iGEM Warwick 2016 - Safety

Lab Safety

Our members in the lab practiced basic lab safety, and took care when handling bacterial samples. Safety protocols included:
1) Wearing lab coats, gloves, and other PPE.
2) Tying long hair back when in the lab.
3) Proper disposal of contaminated agar and samples
4) Samples only kept within the lab that they are being tested in
5) Washing hands when entering and leaving the labs


The 2016 Warwick iGEM team takes the safety of its members very seriously. We incorporated safety considerations into the design and planning, and maintained excellent lab safety, at every stage of our project.

Safety considerations for the project

As our device is meant to be used as a diagnosis tool, we considered what safety precautions would have to be taken given that we reach a stage where our device can be tested under real life conditions.

Our first consideration was the bacteria that our device would be built inside. We elected to use E. coli, as it is a risk group 1 organism. Leptospira,the bacteria, we are detecting is a risk group 3 organism and is banned from use in iGEM. As such we made compromises so that we did not need to use the spirochete.

Our device tests for the presence of RNA from the spirochete Leptospira in the blood. Leptospirosis is a contagious disease, and as such we wanted to find alternatives to having to test blood containing the bacteria directly in order to characterise our device. We decided that instead of designing our device to test directly for Leptospira RNA we would initially design it to test for an analogue RNA thatdoes not code for any specific protein. This avoids having to specifically grow up Leptospira bacteria in our lab, or having to transform another bacteria with a plasmid encoding for Leptospira specific RNA. In this way we eliminate the risk of handling infectious bacterial proteins, and the potential risk of release of a bacteria that is able to produce Leptospira proteins. Another way to work around this problem would have been to transform another bacteria with Leptospira specific RNA but not to include an RBS that would allow the RNA to be translated. We decided that if we were modifying the RNA in such a way, it would be simpler and less risky to use an entirely synthetic RNA sequence as the trigger for the device instead.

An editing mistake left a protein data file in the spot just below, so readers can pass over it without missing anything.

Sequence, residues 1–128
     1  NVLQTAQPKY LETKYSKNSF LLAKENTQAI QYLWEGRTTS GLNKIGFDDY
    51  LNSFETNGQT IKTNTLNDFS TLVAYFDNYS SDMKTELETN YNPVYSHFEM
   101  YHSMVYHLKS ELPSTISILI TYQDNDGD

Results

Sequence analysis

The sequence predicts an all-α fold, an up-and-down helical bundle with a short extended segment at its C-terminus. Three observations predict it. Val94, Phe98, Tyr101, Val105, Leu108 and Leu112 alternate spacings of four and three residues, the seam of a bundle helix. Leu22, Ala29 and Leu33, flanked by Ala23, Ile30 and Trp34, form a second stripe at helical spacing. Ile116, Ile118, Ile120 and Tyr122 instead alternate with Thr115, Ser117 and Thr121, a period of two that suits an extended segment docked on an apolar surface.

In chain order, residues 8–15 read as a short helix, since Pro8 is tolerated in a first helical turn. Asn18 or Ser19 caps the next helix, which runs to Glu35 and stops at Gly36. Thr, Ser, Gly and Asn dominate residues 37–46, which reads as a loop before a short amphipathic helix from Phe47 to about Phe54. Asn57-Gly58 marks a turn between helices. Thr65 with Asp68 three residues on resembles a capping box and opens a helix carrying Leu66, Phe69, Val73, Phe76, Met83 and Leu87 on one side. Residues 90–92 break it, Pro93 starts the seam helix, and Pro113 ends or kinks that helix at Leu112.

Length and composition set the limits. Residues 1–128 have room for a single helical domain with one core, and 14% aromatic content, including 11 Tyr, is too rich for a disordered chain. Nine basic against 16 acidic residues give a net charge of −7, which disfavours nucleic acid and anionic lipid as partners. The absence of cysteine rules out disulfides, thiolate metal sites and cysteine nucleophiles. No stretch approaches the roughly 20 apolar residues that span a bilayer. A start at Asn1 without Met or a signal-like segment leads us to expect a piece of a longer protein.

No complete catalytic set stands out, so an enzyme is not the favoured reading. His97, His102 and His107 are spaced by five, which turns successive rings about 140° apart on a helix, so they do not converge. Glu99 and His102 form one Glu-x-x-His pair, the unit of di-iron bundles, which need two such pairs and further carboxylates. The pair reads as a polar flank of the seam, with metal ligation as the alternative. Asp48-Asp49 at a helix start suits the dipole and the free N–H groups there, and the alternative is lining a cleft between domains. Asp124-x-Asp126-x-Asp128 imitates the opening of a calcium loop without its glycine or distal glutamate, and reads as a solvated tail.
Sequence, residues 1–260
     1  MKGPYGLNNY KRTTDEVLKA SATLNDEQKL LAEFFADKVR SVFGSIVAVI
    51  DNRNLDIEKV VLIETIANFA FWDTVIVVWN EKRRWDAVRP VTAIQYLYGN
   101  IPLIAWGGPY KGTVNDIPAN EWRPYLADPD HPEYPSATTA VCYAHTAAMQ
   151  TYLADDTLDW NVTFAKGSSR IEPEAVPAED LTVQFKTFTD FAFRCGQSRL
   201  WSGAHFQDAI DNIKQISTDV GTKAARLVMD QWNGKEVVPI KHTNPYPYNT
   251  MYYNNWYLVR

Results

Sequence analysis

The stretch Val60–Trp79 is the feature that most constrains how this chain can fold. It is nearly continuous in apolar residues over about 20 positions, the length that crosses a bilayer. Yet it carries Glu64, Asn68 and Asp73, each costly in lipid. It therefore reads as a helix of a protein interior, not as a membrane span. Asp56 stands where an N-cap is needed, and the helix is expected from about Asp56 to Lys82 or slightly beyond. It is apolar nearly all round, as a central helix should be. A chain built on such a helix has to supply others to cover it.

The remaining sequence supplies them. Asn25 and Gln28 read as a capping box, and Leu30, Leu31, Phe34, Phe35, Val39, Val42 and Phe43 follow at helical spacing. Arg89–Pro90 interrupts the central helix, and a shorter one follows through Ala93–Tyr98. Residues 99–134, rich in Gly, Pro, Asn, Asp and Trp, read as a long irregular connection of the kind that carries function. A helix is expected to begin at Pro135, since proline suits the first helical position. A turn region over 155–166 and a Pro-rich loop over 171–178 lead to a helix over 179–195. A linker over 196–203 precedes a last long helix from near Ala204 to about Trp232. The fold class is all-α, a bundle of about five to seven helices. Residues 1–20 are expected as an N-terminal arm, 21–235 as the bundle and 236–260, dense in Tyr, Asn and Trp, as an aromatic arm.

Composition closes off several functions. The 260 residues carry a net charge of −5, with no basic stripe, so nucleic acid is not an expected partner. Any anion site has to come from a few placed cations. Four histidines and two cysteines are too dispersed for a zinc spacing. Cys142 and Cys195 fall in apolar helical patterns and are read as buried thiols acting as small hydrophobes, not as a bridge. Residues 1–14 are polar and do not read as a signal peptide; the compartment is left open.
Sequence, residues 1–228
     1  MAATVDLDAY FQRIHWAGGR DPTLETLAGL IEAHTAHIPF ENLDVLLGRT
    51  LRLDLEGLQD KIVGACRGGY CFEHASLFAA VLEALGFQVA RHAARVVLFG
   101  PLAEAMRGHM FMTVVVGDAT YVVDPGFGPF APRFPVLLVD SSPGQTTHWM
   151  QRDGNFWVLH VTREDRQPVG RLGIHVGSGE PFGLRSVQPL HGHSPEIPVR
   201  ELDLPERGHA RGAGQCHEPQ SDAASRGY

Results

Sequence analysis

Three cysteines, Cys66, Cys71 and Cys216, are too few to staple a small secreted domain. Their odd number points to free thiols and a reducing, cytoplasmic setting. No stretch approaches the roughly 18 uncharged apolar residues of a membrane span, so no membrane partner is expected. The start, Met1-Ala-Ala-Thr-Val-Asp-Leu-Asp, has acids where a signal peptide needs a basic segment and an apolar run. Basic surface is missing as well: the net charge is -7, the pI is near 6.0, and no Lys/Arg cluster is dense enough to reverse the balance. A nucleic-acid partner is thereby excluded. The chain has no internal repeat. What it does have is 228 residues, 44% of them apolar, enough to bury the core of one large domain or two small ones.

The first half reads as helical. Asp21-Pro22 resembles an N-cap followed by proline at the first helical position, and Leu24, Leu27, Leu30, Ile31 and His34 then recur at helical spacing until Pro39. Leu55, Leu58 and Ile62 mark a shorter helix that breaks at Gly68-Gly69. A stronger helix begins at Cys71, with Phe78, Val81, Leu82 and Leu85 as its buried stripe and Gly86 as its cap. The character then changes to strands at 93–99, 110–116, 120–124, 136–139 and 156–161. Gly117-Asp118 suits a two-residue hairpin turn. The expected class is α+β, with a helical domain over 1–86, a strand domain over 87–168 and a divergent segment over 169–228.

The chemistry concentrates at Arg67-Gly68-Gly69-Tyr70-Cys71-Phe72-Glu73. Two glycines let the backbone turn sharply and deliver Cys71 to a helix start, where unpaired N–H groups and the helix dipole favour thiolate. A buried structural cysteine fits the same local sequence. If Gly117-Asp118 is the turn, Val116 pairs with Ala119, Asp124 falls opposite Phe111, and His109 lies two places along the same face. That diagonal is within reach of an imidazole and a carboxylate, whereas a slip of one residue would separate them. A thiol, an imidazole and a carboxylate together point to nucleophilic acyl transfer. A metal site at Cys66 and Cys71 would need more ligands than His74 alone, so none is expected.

A second concern we had was that if we were to test the concentration of Leptospira in the blood that would trigger the diagnosis device, how would we do it without coming in to contact with either Leptospira bacteria, or human blood? Human blood is dangerous to handle, especially for individuals untrained in the specific safety requirements, as it can contain many possible contaminations that may be transmissible to the one handling it. In training labs in university, when students are taught how to screen blood they are encouraged to use their own, however we were hesitant to do this as individual variations in our blood could potentially alter the mechanics of the device, as well as the further ethical implications of testing a diagnosis device on previously untested human blood. We decided that we would order in pre-screened human blood serum that we personally inoculate with modified bacteria carrying the trigger RNA gene. This avoids having to use both our own unscreened blood, or blood from another source, while also sidestepping the issue of using Leptospira.